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Standard understandings of the separation of powers begin with the concept of function. The author argues that function alone cannot predict important changes in structural incentives and thus serves as a poor proxy for assessing real risks to governmental structure. To illustrate this point, the article returns to proposals considered at the Constitutional Convention and considers difficult contemporary cases such as Morrison v. Olson, Clinton v. Jones, and the Supreme Court's more recent federalism decisions. In each instance, function appears to steer us wrong because it fails to understand separation of powers questions as ones of structural incentive and political relationship. In order to move away from function as the sole proxy for structural risk, the article suggests a "vertical" approach toward separation of powers questions. That approach reconceives departmental power less as the power to perform a set of tasks fitting a particular constitutional description (e.g., adjudication, execution, legislation) than as a set of constitutionally created political relationships between the people and those who govern them. Put another way, the separation of powers becomes less a search for transcendental descriptions of the departments than a means of considering how shifting structure affects liberty--how structural incentives may incline governmental actors to act toward the people in ways that risk the electoral powers of both majorities and minorities.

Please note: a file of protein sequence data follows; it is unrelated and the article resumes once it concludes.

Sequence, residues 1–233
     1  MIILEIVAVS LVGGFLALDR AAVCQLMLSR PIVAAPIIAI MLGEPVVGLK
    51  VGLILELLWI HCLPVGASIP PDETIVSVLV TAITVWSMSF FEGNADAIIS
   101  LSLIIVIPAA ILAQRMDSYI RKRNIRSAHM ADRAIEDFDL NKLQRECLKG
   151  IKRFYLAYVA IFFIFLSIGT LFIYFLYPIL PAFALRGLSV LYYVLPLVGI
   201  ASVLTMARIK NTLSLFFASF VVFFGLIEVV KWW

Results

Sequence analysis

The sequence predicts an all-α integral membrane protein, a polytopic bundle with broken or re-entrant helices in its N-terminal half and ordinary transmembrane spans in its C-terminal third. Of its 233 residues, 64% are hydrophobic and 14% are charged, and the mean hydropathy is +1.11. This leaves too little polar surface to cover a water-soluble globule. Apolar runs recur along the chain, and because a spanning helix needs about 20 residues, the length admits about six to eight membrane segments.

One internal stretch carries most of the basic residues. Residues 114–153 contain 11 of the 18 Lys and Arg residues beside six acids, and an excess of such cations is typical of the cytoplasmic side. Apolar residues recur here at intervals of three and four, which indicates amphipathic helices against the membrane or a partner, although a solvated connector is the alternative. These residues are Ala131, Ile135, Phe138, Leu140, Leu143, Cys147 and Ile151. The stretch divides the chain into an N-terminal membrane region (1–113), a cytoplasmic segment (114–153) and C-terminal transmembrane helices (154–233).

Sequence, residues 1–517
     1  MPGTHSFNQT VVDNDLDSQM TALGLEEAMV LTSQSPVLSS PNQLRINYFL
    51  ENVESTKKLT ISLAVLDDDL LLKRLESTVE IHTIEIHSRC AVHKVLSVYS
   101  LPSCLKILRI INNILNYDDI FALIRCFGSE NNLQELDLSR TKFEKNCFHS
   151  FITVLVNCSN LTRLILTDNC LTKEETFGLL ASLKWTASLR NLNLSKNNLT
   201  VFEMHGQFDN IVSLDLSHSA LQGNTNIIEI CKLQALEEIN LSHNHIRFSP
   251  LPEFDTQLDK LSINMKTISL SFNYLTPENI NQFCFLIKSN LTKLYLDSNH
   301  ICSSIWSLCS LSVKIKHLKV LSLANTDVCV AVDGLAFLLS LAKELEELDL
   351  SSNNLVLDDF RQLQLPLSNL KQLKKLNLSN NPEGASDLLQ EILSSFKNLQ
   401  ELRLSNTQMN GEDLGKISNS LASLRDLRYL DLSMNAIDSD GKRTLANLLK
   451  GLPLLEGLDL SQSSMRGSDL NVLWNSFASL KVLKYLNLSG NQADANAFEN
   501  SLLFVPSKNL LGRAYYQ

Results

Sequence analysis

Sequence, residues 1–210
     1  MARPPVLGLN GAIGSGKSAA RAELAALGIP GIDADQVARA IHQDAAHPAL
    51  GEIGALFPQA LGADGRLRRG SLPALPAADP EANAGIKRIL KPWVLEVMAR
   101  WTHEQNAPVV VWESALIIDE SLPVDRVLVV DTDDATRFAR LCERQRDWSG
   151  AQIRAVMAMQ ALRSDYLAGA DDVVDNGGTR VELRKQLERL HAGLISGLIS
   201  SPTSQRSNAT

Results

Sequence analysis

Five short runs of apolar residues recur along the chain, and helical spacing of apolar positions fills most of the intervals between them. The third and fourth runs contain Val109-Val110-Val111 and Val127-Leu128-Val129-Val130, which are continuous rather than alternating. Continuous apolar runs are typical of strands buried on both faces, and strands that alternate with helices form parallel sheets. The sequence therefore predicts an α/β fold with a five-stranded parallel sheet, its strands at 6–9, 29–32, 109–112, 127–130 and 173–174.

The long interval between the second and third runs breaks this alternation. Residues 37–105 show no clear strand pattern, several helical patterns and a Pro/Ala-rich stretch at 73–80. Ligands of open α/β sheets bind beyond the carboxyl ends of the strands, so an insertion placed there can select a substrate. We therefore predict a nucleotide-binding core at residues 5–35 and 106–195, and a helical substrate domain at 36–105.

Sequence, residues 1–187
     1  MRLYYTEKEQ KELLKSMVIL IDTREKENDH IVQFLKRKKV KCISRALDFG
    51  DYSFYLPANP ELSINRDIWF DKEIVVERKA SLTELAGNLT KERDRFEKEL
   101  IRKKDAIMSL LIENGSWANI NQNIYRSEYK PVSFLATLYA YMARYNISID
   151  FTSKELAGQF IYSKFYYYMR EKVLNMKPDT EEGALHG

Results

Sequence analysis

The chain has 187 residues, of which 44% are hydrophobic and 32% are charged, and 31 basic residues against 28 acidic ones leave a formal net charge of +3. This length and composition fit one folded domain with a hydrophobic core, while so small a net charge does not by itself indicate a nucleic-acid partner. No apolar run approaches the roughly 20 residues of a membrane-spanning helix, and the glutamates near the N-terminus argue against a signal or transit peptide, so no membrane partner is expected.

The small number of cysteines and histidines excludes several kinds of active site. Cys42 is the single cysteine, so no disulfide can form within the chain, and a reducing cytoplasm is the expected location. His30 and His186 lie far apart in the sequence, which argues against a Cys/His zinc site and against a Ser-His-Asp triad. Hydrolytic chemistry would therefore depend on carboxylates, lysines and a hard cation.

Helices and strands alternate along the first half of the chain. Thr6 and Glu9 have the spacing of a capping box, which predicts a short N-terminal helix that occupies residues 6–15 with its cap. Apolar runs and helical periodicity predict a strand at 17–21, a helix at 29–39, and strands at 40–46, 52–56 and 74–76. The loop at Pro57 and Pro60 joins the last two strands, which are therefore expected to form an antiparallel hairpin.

Publication Citation

49 Duke L.J. 749-802 (1999)